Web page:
Evaluating Procedures for Cleaning Birds and Other Wildlife Affected by Oil Spills
DATE: April 2020
Dartmouth College | Earth Science
Beverly Chiu, Research Staff

The Leavitt Lab at Dartmouth College studies geomicrobiology and geochemistry to understand how microbes affect Earth’s biogeochemical cycling. One of our major research projects investigates microbial methane production. Methane is a greenhouse gas with powerful global warming potential, making it important to understand the relative contributions of different methane sources. To that end, our goal is to measure the bulk and clumped isotopic compositions of methane molecules derived from various microbial pathways. These measurements provide the unique isotopic fingerprints associated with each specific microbial source and can ultimately be used to decipher source contributions of methane to the atmosphere.

Toward the goal of distinguishing microbial contributions to atmospheric methane, our lab conducts experiments to capture and analyze methane from different microbial pathways. This involves capturing microbially-produced methane in the headspace of sealed culture vessels and using the final headspace for isotopic analysis. A crucial intermediate step before isotopic measurements is to monitor methane production in our cultures during growth. This requires regular sampling of culture headspace to quantify methane by gas chromatography. Hamilton gas-tight syringes are invaluable in this process to avoid gas loss between culture sampling and GC injection. Additionally, many of our cultures produce methane in relatively low abundances making it more critical to avoid sample loss. For such cases, we use Hamilton gas-tight syringes with sample locks to prevent such losses and ensure accurate GC measurements. Overall, Hamilton gas-tight syringes are indispensable tools for our lab’s efforts to characterize and differentiate microbially-produced methane.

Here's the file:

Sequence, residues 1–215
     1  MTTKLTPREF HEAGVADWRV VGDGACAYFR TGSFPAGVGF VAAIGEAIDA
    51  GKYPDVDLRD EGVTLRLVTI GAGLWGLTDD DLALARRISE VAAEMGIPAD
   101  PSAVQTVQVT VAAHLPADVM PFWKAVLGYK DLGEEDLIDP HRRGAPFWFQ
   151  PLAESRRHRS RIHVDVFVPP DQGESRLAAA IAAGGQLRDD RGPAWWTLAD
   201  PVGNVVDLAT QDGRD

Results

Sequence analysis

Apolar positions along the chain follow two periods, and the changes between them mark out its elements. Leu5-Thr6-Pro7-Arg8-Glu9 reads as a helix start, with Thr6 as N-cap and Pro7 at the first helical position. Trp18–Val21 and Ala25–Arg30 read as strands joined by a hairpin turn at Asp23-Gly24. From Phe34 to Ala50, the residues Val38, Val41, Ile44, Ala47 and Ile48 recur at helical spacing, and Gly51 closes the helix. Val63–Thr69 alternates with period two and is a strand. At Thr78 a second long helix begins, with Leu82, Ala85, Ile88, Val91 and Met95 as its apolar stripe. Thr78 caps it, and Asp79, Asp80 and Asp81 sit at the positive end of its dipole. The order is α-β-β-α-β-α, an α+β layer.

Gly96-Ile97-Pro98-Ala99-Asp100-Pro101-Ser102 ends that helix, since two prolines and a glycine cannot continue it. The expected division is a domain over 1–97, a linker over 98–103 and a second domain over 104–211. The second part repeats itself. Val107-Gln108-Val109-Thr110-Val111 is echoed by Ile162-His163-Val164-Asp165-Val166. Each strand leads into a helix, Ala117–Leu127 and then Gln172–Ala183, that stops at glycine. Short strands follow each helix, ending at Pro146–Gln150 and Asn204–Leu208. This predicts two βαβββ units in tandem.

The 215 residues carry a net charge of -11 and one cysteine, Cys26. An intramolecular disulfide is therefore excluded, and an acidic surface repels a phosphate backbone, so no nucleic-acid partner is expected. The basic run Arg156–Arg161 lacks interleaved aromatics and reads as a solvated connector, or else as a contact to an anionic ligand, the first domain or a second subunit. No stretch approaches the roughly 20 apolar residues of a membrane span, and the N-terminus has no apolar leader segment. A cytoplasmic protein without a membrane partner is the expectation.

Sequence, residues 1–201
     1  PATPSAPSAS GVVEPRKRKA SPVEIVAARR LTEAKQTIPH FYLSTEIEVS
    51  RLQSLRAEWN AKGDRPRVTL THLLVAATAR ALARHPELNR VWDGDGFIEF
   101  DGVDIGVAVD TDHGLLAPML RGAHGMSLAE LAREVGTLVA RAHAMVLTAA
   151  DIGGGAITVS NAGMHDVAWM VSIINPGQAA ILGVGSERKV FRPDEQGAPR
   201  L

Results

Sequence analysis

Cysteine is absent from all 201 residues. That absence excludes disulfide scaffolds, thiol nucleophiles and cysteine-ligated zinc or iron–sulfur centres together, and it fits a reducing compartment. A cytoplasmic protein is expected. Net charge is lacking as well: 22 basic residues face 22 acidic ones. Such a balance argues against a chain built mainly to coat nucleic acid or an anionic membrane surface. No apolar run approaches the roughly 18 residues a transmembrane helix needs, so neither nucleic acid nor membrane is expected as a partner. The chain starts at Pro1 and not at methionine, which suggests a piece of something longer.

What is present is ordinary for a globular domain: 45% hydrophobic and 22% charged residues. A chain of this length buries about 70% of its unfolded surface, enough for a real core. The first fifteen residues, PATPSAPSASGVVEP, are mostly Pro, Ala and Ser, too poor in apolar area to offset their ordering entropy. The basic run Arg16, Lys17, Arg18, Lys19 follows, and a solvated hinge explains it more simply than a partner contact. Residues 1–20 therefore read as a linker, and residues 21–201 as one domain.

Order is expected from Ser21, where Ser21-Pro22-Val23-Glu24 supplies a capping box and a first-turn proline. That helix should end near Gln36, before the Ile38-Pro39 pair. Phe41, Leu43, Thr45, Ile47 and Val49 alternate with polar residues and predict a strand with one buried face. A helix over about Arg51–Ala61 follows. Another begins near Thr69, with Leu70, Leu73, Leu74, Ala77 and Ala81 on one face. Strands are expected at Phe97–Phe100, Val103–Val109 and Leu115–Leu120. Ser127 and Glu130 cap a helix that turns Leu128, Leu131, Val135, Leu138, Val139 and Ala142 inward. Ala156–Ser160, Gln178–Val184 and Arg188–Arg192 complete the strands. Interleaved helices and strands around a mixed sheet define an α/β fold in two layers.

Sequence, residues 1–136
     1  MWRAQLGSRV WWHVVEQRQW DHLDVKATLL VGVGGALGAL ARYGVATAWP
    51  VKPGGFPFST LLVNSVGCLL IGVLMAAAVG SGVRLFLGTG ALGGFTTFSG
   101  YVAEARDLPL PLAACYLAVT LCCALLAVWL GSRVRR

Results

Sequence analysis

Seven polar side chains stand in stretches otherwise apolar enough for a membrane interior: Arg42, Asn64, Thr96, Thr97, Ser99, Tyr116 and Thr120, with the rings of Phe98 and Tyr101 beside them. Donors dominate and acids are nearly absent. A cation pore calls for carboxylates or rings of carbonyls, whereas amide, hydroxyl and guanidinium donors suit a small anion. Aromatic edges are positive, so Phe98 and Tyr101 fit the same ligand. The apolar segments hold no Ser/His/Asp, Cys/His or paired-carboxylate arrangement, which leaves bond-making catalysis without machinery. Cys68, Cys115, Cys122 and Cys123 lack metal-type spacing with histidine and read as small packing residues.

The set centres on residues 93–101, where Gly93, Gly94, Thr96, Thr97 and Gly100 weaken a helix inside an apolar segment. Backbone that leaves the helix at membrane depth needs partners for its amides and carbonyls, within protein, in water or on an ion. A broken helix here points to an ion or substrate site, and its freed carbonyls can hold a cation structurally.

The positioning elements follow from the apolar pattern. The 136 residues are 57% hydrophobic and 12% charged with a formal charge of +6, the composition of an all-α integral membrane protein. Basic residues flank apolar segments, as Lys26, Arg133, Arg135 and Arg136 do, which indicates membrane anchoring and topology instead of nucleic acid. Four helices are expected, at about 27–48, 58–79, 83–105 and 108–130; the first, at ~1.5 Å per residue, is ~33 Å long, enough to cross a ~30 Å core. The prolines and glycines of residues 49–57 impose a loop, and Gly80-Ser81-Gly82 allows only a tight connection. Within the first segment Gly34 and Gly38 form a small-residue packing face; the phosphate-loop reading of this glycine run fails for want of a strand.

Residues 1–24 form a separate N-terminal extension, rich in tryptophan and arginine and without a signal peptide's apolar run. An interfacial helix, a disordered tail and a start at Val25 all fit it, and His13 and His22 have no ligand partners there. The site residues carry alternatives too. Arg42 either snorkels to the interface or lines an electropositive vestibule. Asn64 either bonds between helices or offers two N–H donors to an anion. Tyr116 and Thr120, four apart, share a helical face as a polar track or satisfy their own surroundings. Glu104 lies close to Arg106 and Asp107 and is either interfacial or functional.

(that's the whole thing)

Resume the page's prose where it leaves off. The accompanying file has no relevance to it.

The Leavitt Lab prides itself on developing the research skills of its students while using novel geochemical and microbiological approaches to answer questions about the Earth’s past and present state. We are a newer and smaller lab, which allows us to provide substantial individual support and mentoring to each of our graduate and undergraduate students. We feel this has been key to our research accomplishments and toward our dedication to producing excellent research scientists.